Eddie Edith SARDISCO, Plaintiff and Respondent, v. Morley Maurice KIEK, also known as Morley M. Kiek, individually and doing business under the fictitious firm name and style of Truck-Rite Delivery Service; Jean Jeir; Doe I; Doe II; Doe III; and Doe IV, Defendants. Morley Maurice Kiek, and Barry Kiek, individually and as co-partners doing business under the name of Truck-Rite Delivery Service, and Truck-Rite Delivery Service, Appellants.
The complaint seeks damages for personal injuries sustained when Mrs. Sardisco was struck by a heavy cardboard carton which the defendants were in the process of unloading at the premises of plaintiff's employer. It is alleged that the heavy carton struck plaintiff's right leg while the carton was being pushed down three steps from an alley to the rear door of Norman's Men's Shop in San Pedro. A jury returned a verdict for the defendants and judgment was accordingly entered. Plaintiff thereafter moved for a new trial on several different grounds, which motion was granted ‘on the ground that an erroneous instruction was given at the request of the defendant.’
The record discloses that plaintiff had worked at this establishment between five and six weeks prior to the accident; that when injured, plaintiff was holding the door open for the defendant's delivery man, and was talking to and looking at the employer and away from the delivery man. Plaintiff did not see the box coming, was given no warning of danger, and had never before received a delivery from this delivery man.
At the trial, at defendants' request, instructions had been given telling the jury that ‘The mere fact that an accident happened, considered alone, does not support an inference that some party, or any party, to this action was negligent.’ Instructions were also given to the effect that ‘The law presumes that a person possessing normal faculties * * * must have seen and heard that which was within the range of his or her sight and hearing’, etc.
Likewise, at defendants' request, the trial court instructed that ‘One who places himself in the way of an obvious and well understood peril is guilty of contributory negligence which bars recovery of damages for injuries, resulting therefrom.’ So, also, instructions were given on the subject of assumption of risk to the effect that recovery would be barred where the plaintiff had ‘actual knowledge of the danger’, and ‘freedom of choice’ which must come from ‘circumstances that provide him with a reasonable opportunity * * * to safely refuse to expose himself to the danger in question.’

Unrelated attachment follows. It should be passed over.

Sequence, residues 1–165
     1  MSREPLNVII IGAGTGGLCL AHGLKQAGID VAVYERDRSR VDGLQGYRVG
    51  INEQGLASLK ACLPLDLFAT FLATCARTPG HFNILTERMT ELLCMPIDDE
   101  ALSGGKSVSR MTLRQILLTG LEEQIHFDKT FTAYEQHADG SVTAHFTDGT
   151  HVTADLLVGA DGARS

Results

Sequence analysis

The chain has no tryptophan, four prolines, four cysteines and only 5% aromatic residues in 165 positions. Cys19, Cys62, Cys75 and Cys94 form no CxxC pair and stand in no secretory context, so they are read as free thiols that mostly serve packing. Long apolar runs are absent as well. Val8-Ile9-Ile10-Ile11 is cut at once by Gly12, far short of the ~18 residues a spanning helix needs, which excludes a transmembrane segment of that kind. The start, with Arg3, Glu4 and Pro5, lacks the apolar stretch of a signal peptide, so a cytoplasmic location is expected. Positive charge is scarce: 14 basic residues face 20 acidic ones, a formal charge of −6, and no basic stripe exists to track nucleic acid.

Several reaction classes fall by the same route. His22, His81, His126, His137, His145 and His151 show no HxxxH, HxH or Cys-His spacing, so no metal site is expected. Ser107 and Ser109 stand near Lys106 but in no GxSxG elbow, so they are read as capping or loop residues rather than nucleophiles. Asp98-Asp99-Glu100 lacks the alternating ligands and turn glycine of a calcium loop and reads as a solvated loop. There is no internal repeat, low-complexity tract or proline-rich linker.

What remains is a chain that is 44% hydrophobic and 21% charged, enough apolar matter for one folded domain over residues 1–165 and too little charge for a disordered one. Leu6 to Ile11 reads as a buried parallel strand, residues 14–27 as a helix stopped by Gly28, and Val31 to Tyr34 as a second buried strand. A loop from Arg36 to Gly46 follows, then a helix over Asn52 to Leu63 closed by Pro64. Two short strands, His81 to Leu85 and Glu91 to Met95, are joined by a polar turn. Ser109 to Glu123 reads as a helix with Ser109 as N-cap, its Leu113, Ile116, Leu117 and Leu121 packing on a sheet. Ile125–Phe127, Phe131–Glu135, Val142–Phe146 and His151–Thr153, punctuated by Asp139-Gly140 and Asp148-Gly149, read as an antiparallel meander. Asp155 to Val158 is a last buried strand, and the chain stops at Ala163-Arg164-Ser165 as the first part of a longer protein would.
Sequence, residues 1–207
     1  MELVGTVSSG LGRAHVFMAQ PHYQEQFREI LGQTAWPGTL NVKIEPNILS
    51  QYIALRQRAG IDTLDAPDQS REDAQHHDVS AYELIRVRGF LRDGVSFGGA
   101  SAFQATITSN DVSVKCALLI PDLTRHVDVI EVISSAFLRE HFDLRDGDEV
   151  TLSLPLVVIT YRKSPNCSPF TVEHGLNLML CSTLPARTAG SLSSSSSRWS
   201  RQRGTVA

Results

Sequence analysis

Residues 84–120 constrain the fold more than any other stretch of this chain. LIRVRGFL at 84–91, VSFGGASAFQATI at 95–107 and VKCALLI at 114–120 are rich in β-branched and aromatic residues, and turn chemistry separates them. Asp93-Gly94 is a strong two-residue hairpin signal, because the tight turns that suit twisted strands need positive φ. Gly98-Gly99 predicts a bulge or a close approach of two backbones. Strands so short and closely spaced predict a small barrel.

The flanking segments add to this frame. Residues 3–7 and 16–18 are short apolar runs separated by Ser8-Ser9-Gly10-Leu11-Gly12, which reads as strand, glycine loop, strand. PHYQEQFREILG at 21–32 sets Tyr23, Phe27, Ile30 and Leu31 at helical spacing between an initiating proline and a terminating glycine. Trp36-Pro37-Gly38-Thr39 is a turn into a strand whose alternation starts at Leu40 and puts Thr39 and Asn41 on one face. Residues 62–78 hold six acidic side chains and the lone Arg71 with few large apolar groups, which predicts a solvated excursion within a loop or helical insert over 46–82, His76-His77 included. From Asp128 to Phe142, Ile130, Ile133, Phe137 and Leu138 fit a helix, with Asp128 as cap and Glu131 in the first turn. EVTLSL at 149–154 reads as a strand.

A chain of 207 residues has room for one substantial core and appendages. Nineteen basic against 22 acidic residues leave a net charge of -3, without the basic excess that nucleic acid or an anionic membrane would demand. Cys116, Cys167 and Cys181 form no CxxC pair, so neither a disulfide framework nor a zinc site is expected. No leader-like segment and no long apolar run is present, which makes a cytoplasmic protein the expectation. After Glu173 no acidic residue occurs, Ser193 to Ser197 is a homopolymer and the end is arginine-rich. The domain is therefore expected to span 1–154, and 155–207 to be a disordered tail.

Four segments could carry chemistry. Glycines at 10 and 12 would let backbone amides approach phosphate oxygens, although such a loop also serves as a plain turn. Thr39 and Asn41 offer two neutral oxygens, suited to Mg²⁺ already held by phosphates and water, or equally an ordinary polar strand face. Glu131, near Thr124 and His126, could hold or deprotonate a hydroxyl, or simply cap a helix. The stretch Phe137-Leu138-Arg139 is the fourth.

As stated in the recent case of Brandelius v. City and County of San Francisco, 47 Cal.App.2d 729, 306 P.2d 432, 435, ‘It is well settled that the granting of a motion for a new trial rests so completely within the discretion of the trial court that its action will not be disturbed unless a manifest and unmistakable abuse of discretion clearly appears. * * * On appeal all presumptions are in favor of the order granting a new trial * * * [Citations], and the order will be affirmed if it may be sustained on any ground * * * although the reviewing court might have ruled differently in the first instance.’
In the light of these settled rules and the state of the record in the instant case, the order granting plaintiff a new trial must be affirmed. Certainly no abuse of discretion has been pointed out. The trial court, having heard the witnesses and having considered all the various aspects of the trial, may well have considered that, under the evidence presented, the several instructions complained of or some one of them, may have unduly influenced the jury in arriving at a verdict in favor of the defendants. If this be so, then the plaintiff is entitled to a new trial under proper instructions which will leave the jury free to weigh the evidence relating to defendants' alleged negligence and any contributory negligence on the part of the plaintiff.
The order granting a new trial is affirmed.
WHITE, P. J., and FOURT, J., concur.